Certain patients with germ cell cancer should receive life-long follow-up

the ONA take:

Patients with disseminated germ cell cancer who survive after more than one line of treatment have an increased risk for late toxicity and death, and therefore should be candidates for life-long follow-up care, a new study published online ahead of print in the Journal of Clinical Oncology has shown.

For the study, researchers identified 268 patients with germ cell cancer who received more than one line of treatment for disseminated disease from the Danish Testicular Cancer database to evaluate late toxicity and survival.

Results showed that just more than half of patients died from germ cell cancer. The remaining patients had an increased risk for developing a second cancer, major cardiovascular disease, pulmonary disease, gastrointestinal disease, renal impairment, neurologic disorders, and death from other causes compared with patients who only underwent orchiectomy.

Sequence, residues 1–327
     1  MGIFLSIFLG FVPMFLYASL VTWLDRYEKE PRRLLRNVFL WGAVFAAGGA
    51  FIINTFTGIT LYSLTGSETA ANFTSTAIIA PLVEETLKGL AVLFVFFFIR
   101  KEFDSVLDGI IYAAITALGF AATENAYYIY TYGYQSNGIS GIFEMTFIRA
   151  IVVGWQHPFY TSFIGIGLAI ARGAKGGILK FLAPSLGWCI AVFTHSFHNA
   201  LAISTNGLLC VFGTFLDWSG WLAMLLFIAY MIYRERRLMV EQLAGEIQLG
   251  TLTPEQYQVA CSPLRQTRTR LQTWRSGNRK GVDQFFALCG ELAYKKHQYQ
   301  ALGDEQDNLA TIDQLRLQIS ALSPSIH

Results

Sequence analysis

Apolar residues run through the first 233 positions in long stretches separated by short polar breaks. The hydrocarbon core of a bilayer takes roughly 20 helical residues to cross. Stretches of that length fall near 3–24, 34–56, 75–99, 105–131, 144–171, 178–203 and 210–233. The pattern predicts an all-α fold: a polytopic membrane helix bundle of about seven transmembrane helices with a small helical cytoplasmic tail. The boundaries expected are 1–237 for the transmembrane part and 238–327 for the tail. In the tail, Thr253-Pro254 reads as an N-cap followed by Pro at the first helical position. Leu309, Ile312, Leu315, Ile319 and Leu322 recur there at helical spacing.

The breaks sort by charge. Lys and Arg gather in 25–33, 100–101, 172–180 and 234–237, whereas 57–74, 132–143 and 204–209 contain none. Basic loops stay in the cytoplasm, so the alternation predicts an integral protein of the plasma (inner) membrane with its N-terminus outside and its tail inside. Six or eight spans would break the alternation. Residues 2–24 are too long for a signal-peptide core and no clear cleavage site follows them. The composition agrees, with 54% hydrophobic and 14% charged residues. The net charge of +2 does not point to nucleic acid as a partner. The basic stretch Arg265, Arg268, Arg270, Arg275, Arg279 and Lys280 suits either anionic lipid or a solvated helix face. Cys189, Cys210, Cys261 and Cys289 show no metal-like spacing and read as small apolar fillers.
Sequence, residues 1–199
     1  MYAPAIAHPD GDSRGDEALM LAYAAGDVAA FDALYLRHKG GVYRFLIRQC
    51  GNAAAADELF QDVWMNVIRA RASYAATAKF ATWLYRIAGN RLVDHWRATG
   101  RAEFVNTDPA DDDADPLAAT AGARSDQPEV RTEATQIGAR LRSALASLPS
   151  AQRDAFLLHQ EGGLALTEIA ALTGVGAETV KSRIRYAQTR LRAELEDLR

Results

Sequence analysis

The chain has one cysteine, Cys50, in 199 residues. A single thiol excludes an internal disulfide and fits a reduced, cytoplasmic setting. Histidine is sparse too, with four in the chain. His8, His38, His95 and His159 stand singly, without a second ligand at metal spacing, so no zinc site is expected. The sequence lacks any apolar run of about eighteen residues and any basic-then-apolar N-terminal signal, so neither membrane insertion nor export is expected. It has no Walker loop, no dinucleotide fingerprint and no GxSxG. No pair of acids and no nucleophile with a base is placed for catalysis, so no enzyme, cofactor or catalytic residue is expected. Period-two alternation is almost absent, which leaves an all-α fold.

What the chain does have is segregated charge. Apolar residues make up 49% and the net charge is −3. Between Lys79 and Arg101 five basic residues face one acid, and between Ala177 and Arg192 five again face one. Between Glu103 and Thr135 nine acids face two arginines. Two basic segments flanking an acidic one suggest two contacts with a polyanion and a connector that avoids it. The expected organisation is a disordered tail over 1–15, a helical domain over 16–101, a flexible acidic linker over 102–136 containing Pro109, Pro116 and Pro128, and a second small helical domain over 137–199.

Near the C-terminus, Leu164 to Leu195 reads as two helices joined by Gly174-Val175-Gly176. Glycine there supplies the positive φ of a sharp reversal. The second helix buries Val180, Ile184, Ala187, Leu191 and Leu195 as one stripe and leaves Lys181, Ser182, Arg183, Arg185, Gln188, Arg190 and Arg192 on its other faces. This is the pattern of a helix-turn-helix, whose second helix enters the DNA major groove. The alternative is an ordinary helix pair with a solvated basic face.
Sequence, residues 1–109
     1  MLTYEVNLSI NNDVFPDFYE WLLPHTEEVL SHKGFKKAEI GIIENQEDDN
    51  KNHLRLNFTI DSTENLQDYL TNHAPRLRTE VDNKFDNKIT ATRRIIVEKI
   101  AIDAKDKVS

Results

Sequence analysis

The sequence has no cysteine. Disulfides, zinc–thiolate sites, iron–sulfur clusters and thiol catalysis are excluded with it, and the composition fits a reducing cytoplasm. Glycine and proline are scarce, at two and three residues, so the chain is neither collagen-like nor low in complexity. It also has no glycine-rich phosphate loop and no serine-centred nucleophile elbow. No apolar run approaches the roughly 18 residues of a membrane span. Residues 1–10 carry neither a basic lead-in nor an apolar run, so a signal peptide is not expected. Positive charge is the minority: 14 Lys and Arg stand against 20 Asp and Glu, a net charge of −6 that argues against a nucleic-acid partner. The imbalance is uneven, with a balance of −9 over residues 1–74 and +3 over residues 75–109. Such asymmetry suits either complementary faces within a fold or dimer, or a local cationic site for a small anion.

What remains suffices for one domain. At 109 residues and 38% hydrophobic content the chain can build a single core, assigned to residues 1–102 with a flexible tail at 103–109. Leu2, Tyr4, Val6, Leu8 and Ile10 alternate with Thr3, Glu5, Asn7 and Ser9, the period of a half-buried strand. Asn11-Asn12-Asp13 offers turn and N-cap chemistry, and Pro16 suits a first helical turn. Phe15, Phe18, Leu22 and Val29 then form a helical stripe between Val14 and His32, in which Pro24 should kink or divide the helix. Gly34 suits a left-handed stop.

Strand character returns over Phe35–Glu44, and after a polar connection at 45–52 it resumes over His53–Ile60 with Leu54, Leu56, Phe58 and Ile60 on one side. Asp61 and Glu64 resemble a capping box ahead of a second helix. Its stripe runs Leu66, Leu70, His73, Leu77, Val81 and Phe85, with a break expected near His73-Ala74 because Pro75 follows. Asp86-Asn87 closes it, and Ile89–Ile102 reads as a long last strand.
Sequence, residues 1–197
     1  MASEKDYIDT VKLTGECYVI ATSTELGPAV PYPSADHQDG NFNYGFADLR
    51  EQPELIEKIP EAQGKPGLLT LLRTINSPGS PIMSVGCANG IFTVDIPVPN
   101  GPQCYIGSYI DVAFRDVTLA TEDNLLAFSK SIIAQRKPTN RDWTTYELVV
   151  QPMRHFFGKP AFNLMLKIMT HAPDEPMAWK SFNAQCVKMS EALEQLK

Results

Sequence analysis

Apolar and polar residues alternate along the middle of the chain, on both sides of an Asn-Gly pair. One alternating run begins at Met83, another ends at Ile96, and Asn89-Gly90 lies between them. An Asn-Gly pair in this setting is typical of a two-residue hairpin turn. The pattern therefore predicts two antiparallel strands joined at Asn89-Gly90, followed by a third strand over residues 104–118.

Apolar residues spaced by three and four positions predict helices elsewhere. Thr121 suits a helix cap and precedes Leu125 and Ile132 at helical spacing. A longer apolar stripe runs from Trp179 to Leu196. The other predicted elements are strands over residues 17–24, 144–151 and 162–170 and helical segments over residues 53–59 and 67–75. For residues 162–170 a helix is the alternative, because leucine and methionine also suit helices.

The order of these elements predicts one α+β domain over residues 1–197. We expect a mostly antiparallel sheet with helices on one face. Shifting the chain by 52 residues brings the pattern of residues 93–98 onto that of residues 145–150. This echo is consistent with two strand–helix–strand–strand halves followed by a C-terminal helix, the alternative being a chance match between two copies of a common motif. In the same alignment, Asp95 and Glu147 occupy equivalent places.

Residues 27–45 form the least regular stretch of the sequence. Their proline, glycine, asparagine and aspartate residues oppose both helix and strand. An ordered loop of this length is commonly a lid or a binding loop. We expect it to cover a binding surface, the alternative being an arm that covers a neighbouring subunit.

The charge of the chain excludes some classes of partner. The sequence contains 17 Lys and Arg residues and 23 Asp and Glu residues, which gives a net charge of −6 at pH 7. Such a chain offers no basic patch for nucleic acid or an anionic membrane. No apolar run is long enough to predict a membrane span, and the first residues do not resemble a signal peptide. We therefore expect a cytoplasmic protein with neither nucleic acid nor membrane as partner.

Researchers found that increasing age may contribute to treatment failure after second-line treatment in these patients.

Neutrophil extracellular traps may play role in organ failure in cancer
Patients with disseminated germ cell cancer who survive after more than one line of treatment have an increased risk for late toxicity and death.
A small number of patients with germ cell cancer (GCC) receive more than one line of treatment for disseminated disease. The purpose of this study was to evaluate late toxicity and survival in an unselected cohort of patients who experienced relapse after receiving first-line treatment for disseminated disease.
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